To answer these questions, BOARS launched a study that compared the SAT and achievement tests as predictors of student performance. The results were mixed. In the view of the board, the achievement tests proved a more useful predictor of student success than did the SAT, both in combination with grades and as a single indicator. But the benefits of both tests appeared marginal at the time. As a result, both the SAT and achievement tests remained largely an alternative method for attaining UC eligibility. In 1968, UC began requiring the SAT I and three SAT II achievement tests, although applicants’ scores were not considered in the admissions process. Rather, the SAT I and SAT II tests remained largely a way of admitting promising students whose grades fell below the UC standard and an analytical tool to study the success patterns of students admitted strictly by their grades in UC-required courses.
This policy lasted until the late 1970s. As historian John Douglass has noted in a number of studies on the history of UC admissions, not until 1979 did the university adopt the SAT as a substantial and formal part of the regular admissions process. That year, BOARS established UC’s current Eligibility Index: a sliding scale combining grade point average (GPA) in required courses with SAT scores to determine UC eligibility. Even then, GPA remained the dominant factor in this determination. UC established the Eligibility Index largely as a way of reducing its eligibility pool in light of a series of studies that showed UC accepting students well beyond its mandated top 12.5 percent of statewide graduates. The decision to include SAT scores in the Eligibility Index was based not on an analysis of the SAT’s predictive power but on its ability to serve as a screen that would reduce the pool of eligible students.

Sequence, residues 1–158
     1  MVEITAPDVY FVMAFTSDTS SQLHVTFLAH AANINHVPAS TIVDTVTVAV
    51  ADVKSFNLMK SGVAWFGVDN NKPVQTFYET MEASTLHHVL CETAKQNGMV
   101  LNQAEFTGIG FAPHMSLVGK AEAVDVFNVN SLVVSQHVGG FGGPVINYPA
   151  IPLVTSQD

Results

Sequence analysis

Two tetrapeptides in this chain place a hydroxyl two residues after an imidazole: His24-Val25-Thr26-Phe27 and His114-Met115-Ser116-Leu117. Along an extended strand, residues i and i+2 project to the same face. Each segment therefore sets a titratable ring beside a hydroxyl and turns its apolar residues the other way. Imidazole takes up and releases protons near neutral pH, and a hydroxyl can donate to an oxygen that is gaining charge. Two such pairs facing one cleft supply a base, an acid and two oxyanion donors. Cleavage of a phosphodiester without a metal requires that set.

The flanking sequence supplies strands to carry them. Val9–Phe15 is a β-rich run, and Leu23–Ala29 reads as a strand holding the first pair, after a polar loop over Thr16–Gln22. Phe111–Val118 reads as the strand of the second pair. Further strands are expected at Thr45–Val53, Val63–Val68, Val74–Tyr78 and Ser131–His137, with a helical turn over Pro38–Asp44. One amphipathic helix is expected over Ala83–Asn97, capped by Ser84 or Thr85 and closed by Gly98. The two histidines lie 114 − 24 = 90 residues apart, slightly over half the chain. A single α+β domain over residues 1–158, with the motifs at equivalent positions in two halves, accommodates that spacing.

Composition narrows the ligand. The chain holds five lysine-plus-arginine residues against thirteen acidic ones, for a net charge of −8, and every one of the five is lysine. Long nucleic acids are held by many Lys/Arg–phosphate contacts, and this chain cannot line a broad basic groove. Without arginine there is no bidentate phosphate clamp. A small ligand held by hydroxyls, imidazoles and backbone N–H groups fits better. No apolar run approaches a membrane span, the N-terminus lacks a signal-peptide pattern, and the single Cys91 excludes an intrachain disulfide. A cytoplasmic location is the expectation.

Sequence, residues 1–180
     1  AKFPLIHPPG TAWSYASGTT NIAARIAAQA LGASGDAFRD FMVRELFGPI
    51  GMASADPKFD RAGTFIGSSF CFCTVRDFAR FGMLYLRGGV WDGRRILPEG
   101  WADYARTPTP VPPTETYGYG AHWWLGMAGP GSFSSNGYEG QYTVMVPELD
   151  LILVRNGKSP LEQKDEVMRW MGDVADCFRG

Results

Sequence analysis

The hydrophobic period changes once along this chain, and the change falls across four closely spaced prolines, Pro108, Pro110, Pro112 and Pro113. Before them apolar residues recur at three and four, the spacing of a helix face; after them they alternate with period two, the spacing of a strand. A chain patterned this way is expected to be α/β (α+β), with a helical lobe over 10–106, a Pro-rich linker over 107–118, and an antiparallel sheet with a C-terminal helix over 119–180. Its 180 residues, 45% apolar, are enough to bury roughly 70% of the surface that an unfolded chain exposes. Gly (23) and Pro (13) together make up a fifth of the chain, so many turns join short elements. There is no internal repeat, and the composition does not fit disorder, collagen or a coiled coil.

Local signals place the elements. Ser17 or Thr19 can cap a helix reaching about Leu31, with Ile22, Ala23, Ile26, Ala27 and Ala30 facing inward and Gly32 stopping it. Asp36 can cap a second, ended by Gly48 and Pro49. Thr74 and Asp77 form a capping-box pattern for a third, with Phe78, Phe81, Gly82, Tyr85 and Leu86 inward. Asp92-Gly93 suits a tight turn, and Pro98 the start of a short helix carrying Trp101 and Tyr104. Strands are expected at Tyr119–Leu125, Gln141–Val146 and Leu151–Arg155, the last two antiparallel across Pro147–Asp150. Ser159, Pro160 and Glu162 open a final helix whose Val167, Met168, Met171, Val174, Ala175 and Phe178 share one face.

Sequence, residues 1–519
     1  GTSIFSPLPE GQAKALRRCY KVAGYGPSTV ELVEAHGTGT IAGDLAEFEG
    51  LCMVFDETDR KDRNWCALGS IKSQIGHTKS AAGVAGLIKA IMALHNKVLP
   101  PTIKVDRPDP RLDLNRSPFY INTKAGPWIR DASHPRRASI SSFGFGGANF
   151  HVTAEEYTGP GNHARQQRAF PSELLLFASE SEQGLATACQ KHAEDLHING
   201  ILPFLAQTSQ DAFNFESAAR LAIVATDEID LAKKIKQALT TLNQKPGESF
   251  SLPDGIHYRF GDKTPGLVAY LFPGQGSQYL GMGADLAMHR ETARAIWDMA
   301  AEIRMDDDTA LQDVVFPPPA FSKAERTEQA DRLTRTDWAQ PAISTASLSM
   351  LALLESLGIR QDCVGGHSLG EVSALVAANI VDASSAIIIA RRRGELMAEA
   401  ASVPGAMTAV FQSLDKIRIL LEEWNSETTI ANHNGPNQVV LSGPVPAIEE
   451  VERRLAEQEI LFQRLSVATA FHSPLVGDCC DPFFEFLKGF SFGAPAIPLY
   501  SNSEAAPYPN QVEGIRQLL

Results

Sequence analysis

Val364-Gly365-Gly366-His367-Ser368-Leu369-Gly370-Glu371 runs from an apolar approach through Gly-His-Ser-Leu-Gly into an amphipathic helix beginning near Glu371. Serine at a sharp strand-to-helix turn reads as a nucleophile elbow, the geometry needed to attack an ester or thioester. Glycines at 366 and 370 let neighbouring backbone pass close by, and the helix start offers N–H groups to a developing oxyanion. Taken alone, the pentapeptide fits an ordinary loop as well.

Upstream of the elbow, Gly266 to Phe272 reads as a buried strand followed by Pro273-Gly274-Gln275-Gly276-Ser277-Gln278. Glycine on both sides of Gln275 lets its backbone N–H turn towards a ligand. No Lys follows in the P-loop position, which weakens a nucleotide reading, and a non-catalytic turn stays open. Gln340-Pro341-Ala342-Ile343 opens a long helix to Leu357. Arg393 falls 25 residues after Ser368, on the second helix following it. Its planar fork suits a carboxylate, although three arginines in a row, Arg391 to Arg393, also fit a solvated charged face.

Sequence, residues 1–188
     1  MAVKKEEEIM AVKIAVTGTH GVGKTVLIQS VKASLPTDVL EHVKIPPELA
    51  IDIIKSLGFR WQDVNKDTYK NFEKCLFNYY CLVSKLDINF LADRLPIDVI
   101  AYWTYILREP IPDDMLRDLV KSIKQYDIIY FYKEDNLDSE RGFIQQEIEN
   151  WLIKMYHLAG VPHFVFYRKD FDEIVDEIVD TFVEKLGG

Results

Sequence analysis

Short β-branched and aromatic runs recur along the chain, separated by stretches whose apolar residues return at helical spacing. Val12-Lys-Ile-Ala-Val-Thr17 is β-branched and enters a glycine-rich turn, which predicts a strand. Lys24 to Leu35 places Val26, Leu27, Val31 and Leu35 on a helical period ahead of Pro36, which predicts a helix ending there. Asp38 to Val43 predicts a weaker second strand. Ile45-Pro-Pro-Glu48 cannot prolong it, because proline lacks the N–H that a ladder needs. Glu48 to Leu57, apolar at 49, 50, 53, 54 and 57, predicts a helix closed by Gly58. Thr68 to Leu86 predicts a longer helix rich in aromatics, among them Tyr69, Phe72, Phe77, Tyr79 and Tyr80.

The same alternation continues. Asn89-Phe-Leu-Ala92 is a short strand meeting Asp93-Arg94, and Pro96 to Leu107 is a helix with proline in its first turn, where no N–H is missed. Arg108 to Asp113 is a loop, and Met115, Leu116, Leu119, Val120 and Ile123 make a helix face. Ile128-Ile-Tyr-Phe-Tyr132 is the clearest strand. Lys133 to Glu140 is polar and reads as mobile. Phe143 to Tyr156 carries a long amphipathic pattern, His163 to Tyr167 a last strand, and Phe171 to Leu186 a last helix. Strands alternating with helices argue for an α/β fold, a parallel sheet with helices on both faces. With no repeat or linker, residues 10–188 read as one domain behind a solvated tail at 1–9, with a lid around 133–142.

Fortunately, today we do have an analysis of the SAT’s value in admissions decisions. Because our students have been taking the SAT I and the SAT II for more than three decades, UC is perhaps the only university in the country that has a database large enough to compare the predictive power of the SAT I with that of the achievement-based SAT II tests. UC researchers Saul Geiser and Roger Studley have analyzed the records of almost 78,000 freshmen who entered UC over the past four years. They concluded that the SAT II is, in fact, a better predictor of college grades than the SAT I. The UC data show that high school grades plus the SAT II account for about 21 percent of the explained variance in first-year college grades. When the SAT I is added to high school grades and the SAT II, the explained variance increases from 21 percent to 21.1 percent, a trivial increment.